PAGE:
Why manure screening is so important for nutritionists

Manure screening of a dairy Cow

Manure screening can open up a world of what is going on inside the cow.

This “backend biology” is used for troubleshooting rumination and fermentation of feed delivered to the cow. What goes in must come out, and this is a way to see how feed is utilized. It is not a perfect science, but, when combined with other troubleshooting tools, it can be invaluable.

For years, we have been taught that there are several different versions of the same ration on the farm – paper ration versus mixed ration versus fed ration versus digested ration. The paper ration is balanced to the second decimal point, and from there it is a matter of how the ration is mixed and fed. Then the real fun begins as rumination and fermentation take over. This is where the manure screen is a vital tool in the toolbox. When combined with milk components, other solids, de novo fatty acid, fecal starch evaluation and the Penn State particle separator, the manure screener can paint a nice picture of what we don’t see on the paper ration.

Manure screening has been used over the last 15 years to benchmark rumination and true ration digestion. An easy analogy is to relate manure screening to the Penn State particle separator, with one exception – one is going in and the other is coming out. It is a true measure of rumination that goes beyond paper ration, beyond mixed ration and beyond fed ration. It is a reflection of the balance between effective fiber, rate of passage and ration kinetics. Some consultants use this tool when they see issues arise, some use it on a routine basis to track changes over time and others have never used it. Likely the reason is a lack of concrete interpretations and recent scientific data that ties the results together with the different scenarios. The key thing to remember when using the manure screening tool is that the nutritionist is evaluating diet changes over time for that herd.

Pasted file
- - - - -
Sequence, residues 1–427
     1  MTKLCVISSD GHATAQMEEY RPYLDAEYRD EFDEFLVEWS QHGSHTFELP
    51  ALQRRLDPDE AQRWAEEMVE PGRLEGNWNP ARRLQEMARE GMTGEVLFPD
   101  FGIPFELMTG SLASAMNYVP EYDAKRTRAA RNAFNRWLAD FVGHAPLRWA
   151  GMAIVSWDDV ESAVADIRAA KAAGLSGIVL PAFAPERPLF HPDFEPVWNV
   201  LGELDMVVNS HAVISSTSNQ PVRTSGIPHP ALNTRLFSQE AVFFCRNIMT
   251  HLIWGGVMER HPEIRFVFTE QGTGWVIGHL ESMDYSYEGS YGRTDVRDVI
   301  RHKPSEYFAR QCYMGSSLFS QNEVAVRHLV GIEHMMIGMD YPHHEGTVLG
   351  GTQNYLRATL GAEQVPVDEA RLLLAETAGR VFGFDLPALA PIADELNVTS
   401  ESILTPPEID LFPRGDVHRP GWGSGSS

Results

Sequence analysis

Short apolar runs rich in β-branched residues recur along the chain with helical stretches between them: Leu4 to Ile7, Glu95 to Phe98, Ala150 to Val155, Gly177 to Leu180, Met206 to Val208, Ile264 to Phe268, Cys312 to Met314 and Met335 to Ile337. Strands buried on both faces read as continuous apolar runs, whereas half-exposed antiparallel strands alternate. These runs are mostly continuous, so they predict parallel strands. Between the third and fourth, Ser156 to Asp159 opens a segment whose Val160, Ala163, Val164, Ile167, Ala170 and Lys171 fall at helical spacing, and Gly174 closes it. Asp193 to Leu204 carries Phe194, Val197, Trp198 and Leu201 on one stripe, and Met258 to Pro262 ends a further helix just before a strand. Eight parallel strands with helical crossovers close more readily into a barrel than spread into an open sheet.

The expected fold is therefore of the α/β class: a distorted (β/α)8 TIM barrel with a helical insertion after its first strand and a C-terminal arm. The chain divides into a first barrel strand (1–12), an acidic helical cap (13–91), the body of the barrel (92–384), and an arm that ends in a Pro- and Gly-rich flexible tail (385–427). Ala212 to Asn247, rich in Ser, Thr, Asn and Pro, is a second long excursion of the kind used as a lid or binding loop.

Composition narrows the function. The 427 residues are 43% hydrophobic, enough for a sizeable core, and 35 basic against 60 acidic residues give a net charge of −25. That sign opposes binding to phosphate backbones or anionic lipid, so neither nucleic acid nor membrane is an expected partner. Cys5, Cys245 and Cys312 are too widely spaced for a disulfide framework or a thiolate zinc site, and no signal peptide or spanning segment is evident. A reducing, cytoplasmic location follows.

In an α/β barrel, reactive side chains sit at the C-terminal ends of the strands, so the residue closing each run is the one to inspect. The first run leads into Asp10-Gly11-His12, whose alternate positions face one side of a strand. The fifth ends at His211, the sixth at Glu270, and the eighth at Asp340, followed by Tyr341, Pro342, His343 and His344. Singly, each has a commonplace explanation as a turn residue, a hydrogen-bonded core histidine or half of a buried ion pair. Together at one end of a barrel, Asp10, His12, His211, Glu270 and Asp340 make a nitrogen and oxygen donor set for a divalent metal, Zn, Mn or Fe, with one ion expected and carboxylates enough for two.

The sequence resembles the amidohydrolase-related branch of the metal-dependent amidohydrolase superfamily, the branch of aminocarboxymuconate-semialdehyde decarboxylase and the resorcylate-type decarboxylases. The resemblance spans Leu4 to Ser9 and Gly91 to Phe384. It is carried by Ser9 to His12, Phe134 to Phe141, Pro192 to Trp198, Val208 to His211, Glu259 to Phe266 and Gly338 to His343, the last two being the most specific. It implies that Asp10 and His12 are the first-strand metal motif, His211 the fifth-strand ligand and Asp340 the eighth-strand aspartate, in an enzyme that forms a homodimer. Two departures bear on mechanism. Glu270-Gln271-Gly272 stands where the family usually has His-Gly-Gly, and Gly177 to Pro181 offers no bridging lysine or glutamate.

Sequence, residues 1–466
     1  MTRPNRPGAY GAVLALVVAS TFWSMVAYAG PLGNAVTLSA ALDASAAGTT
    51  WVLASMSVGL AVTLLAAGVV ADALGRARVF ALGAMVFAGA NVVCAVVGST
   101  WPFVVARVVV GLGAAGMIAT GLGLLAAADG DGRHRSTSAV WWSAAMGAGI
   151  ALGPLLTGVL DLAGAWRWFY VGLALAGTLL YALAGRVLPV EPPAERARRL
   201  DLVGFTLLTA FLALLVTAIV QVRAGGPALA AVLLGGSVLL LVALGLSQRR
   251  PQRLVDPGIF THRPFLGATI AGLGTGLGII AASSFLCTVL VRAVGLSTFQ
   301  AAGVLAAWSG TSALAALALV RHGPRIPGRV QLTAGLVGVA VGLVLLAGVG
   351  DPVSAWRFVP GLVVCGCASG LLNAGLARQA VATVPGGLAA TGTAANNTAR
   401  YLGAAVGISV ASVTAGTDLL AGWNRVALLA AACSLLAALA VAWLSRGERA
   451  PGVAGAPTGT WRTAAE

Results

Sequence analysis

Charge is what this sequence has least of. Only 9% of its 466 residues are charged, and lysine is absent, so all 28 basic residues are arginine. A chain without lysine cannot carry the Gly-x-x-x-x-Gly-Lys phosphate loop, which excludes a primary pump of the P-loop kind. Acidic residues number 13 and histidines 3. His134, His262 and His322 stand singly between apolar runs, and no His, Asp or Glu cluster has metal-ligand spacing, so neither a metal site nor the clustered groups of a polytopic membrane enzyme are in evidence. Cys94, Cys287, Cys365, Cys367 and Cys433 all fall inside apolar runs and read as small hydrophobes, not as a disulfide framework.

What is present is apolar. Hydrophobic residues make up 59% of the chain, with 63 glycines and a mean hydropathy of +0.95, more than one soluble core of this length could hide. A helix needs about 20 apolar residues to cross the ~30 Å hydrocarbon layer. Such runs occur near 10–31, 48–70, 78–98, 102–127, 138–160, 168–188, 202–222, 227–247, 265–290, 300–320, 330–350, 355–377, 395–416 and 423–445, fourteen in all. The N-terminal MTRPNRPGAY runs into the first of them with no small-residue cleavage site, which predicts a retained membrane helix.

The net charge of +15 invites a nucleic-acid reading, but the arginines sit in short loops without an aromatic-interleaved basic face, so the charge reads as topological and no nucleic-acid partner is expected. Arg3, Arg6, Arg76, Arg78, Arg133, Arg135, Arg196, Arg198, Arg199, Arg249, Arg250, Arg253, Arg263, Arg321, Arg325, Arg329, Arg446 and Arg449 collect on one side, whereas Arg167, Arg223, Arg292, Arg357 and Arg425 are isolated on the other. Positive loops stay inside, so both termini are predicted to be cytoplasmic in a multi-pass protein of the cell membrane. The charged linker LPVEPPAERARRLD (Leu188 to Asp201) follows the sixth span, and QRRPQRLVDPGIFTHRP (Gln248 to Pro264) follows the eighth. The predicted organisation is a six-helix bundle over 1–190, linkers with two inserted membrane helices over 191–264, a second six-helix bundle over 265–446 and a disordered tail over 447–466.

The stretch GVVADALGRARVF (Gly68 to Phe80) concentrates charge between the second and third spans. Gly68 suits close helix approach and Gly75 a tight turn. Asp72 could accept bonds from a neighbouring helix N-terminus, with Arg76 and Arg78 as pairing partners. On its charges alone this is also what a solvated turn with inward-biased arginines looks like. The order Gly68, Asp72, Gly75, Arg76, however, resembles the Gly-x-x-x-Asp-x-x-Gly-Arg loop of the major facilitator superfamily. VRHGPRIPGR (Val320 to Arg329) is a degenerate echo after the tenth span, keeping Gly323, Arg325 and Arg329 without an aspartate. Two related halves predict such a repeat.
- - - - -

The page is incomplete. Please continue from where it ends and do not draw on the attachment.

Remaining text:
Using a manure screening tool

The go-to tool in manure screening is the Nasco digestion analyzer. The digestion analyzer – or as it’s more commonly known, manure screen – is the gold standard for manure screening. Sampling is straightforward and a good part of a group walk-through. Use the scoop or a comparable-sized container and grab a sample in the 500- to 600-gram range from 10 to 12 representative cows. It is best when benchmarking the herd to not take samples on the extremes of the manure consistency spectrum.